Sean Penn was on Stephen Colbert's show last night and made the very same point.
In the very-late'50s and early-'60s, gradeschool children had a haunted, doomed look I've always found interesting -- perhaps they'd absorbed the Bomb fears of the era. Maybe this soulful clarity on the part of the current highschoolers is just the latest version of that (as I tend toward a 60-year cycle theory myself).
Advertisers Ditch Laura Ingraham After She Mocks Parkland Activist
Multiple companies say they're pulling their advertisements from conservative Fox News host Laura Ingraham's show after she sent a tweet mocking Parkland shooting survivor and gun-control activist David Hogg.
Nestle US, Hulu and Nutrish confirmed on Twitter that they are removing advertising from Ingraham's show. Media reports say TripAdvisor, Expedia, Wayfair and Johnson & Johnson are pulling their support as well.
Ingraham wrote Wednesday morning to her more than 2 million Twitter followers that Hogg, a high school senior, was whining about being rejected by four colleges. "David Hogg Rejected By Four Colleges To Which He Applied and whines about it. (Dinged by UCLA with a 4.1 GPA...totally predictable given acceptance rates.)" she wrote, before linking to an article that called Hogg a "gun rights provocateur."
Hogg — who has amassed more than 650,000 Twitter followers himself — responded by tweeting a list of 12 companies that he said were sponsors of Ingraham's show, The Ingraham Angle. Hogg asked his supporters to each contact three or four companies.
Facing pressure, Ingraham wrote an apology on Thursday afternoon, saying: "On reflection, in the spirit of Holy Week, I apologize for any upset or hurt my tweet caused him or any of the brave victims of Parkland." She invited Hogg to appear on her show.
Hogg then wrote: "I will only accept your apology only if you denounce the way your network has treated my friends and I in this fight. It's time to love thy neighbor, not mudsling at children."
Hogg has become one of the most visible of the survivors of the Marjory Stoneman Douglas High School shooting, in which 17 people died. He frequently appears in the media and spoke at the "March For Our Lives" rally in Washington, D.C. over the past weekend.
Travel website TripAdvisor said it would stop advertising on Ingraham's show, saying it does not "condone the inappropriate comments made by this broadcaster."
"We also believe Americans can disagree while still being agreeable, and that the free exchange of ideas within a community, in a peaceful manner, is the cornerstone of our democracy," the company said, according to The New York Times. "In our view, these statements focused on a high school student cross the line of decency."
The online furniture seller Wayfair said in a statement to the Times: "The decision of an adult to personally criticize a high school student who has lost his classmates in an unspeakable tragedy is not consistent with our values."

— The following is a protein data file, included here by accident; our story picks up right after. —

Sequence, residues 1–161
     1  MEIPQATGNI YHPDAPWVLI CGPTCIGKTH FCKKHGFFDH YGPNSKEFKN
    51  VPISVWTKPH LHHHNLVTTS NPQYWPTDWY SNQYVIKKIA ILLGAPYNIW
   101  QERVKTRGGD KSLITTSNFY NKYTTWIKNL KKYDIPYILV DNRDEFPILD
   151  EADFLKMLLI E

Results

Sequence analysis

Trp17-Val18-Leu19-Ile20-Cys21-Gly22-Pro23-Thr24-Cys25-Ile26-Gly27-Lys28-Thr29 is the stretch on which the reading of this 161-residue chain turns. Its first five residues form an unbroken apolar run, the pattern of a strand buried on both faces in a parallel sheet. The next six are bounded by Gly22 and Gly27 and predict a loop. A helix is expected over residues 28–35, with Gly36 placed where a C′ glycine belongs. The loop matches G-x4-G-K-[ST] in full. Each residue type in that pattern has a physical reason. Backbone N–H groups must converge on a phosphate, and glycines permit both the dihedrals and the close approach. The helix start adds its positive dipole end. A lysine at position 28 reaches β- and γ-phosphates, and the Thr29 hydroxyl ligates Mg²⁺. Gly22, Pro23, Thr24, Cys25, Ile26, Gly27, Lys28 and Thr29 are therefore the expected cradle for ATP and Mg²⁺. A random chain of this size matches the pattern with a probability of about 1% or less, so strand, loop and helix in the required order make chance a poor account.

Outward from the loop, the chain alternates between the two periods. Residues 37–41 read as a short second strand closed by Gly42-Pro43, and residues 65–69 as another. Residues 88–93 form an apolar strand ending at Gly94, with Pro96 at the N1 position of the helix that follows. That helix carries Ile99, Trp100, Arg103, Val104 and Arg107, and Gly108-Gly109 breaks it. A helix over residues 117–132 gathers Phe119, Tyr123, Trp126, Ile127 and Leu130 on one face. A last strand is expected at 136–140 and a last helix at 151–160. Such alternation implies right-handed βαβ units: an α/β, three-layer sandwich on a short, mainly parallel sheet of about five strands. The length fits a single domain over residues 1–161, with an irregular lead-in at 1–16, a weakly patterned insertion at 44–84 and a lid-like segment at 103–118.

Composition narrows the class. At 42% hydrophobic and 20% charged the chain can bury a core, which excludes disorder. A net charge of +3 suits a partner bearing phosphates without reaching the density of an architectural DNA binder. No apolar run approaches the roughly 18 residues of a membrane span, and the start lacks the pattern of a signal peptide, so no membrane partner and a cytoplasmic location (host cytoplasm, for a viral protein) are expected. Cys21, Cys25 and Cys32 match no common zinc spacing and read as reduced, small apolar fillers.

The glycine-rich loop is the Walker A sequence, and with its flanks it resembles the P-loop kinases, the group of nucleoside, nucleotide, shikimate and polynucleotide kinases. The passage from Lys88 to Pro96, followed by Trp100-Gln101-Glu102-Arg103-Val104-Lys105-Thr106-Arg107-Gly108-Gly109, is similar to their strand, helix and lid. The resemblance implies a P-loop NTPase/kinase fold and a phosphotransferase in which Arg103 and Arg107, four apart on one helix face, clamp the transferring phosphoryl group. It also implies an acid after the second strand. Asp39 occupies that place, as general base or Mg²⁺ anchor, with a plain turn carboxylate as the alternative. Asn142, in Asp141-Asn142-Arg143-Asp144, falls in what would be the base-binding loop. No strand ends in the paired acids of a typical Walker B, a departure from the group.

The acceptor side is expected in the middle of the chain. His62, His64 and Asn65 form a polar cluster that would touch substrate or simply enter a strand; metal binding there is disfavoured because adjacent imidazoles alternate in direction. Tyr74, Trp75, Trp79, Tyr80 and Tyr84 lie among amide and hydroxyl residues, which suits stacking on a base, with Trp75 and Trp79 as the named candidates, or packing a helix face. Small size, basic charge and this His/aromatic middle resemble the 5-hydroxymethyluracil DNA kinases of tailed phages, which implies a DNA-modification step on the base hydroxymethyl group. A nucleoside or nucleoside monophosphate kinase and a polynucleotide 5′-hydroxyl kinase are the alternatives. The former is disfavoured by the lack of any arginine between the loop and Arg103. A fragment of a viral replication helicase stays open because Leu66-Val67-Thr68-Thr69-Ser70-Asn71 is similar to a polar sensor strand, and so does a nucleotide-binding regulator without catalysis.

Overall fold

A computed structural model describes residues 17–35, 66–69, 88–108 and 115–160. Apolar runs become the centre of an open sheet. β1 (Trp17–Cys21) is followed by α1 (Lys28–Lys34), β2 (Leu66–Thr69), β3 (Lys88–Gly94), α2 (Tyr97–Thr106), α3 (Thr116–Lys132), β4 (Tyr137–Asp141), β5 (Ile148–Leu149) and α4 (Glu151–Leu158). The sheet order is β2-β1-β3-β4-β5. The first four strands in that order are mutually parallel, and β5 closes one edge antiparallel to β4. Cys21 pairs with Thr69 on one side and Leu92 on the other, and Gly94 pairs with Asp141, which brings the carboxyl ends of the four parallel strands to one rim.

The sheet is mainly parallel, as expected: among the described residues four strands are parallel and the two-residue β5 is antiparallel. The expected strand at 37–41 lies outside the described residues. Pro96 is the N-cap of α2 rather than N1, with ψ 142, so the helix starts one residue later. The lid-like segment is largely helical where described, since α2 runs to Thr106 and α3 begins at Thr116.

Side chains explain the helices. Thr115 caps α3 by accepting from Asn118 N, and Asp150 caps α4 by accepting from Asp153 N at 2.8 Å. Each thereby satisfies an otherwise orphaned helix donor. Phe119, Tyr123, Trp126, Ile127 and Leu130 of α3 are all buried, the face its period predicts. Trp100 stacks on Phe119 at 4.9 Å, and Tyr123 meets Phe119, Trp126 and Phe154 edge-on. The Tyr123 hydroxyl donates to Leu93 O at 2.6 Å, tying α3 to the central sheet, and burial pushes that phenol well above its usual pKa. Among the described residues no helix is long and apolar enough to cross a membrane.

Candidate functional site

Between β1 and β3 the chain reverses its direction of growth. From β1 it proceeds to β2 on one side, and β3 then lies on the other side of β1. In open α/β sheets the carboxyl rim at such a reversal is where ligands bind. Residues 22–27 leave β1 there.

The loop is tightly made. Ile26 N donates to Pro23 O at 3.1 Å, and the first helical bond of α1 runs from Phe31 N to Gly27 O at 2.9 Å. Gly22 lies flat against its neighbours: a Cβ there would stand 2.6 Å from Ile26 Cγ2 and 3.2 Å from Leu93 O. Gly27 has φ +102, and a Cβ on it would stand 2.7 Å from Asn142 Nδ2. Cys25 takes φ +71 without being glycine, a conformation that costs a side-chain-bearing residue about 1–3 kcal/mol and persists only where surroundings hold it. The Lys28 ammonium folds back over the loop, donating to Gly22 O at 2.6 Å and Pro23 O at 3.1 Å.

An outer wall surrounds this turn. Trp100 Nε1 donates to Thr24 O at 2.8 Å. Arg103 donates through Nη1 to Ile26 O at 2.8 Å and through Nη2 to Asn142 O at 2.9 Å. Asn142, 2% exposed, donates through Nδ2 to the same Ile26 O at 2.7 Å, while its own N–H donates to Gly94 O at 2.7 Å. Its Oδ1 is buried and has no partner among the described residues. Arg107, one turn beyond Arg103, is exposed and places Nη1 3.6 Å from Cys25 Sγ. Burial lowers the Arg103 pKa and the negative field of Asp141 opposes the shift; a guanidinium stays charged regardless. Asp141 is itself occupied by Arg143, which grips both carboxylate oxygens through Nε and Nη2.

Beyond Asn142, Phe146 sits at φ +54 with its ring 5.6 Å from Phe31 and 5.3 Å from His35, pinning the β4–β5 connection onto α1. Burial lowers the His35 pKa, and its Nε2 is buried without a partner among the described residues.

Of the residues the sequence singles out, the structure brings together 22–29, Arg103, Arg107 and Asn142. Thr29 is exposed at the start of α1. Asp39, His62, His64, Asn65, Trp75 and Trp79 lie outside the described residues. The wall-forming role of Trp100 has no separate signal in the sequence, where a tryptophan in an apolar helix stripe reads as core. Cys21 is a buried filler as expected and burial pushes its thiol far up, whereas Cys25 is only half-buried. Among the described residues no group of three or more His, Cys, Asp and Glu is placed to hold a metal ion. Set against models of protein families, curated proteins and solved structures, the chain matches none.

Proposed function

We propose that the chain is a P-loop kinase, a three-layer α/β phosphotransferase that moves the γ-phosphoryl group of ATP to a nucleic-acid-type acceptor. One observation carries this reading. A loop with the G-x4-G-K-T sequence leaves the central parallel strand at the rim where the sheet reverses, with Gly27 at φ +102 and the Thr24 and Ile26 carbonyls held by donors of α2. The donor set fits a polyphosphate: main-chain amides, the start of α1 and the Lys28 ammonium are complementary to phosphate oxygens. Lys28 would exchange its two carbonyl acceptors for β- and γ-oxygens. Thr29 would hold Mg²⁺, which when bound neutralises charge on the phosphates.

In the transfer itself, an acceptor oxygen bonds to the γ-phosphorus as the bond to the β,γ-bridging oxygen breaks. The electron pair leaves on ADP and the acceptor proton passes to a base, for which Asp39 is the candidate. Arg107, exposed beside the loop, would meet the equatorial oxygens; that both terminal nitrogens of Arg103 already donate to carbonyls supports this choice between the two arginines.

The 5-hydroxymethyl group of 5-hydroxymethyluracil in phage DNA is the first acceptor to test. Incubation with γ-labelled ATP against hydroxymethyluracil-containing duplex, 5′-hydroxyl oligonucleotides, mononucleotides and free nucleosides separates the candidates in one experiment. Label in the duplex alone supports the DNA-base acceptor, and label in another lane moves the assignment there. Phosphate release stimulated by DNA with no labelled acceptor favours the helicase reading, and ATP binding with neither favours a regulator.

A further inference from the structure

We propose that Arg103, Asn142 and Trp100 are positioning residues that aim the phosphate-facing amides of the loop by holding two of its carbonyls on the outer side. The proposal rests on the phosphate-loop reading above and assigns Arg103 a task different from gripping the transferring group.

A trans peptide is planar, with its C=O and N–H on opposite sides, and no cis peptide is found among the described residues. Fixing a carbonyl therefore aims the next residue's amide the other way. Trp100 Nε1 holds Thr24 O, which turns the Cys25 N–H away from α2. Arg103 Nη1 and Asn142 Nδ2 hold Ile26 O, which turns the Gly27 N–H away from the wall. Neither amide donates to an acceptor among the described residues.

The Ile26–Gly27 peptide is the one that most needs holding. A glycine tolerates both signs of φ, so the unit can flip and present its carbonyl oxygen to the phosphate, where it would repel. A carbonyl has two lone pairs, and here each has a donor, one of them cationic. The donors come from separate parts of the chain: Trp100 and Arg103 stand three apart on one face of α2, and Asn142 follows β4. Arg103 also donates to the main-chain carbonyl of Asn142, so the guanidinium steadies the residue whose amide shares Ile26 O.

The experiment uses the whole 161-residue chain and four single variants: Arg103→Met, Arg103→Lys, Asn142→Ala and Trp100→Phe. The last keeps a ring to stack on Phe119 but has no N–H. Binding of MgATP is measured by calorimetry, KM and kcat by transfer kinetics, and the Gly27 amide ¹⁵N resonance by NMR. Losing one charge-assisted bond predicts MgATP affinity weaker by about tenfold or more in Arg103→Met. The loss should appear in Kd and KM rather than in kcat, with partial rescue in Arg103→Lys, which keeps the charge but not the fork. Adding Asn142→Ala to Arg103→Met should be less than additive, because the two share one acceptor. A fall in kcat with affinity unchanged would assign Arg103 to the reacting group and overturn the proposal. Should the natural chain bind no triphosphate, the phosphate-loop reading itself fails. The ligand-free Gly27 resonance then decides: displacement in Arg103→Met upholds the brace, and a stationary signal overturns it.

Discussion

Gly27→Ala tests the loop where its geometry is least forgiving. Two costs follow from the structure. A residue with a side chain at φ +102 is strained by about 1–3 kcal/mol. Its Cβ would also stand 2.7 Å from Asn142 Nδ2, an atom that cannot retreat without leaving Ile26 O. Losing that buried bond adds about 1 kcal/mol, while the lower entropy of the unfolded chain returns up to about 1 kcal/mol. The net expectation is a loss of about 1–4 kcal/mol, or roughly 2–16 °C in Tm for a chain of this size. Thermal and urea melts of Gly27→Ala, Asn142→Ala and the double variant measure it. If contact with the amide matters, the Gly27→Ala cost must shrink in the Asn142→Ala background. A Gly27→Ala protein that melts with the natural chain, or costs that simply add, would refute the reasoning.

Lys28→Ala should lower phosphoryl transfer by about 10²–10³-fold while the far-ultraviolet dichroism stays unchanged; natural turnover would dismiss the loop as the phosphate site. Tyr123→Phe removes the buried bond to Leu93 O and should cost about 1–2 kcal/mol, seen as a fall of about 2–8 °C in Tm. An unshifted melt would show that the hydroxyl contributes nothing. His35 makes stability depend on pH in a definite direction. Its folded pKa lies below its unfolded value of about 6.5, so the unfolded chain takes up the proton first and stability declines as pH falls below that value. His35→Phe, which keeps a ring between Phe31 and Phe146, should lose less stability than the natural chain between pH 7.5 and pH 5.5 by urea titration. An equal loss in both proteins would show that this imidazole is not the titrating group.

Hulu, the online video streaming service, said on Twitter it was "no longer advertising on Laura Ingraham's show" and was "monitoring all of our ad placements carefully."
Foodmaker Nestle said it had "no plans to buy ads on the show in the future," while celebrity food host Rachael Ray's pet food company Nutrish said it was "in the process" of removing its ads.
Supporters of Ingraham took to social media to say they would, in turn, now boycott companies that canceled their ad buys.
It's not the first campaign to ask advertisers to abandon a Fox News host.
Almost a year ago, more than 50 advertisers yanked their spots from Bill O'Reilly's Fox News show after it emerged that O'Reilly, Fox and its parent company had paid $13 million to settle five sexual harassment lawsuits. Fox dropped O'Reilly from the network soon after, though it's unclear how much the loss of advertisers contributed to the network's decision.
In November, Fox's Sean Hannity stoked controversy by supporting Alabama Senate candidate Roy Moore despite reports of Moore's sexual advances toward teenage girls. Coffee company Keurig initially said it was pulling ads from Hannity's show, only to face social media backlash from Hannity's supporters, who posted videos on Twitter of themselves smashing Keurig machines.
Sean Hannity is, of course, still on Fox, and as The Washington Post notes, successful boycotts are hard to pull off. "At any given time, someone is probably trying to boycott a Fox News show for something."
The Ingraham Angle is one of the top-rated news/opinion shows on cable.
And as NPR's Colin Dwyer wrote, losing ads on one of its shows doesn't necessarily mean a financial hit for Fox — advertisers can simply slot their ads at other times on the network.
It's pretty telling to me that all of these conservatives would rather condemn kids trying to end gun violence than condemn the people committing gun violence.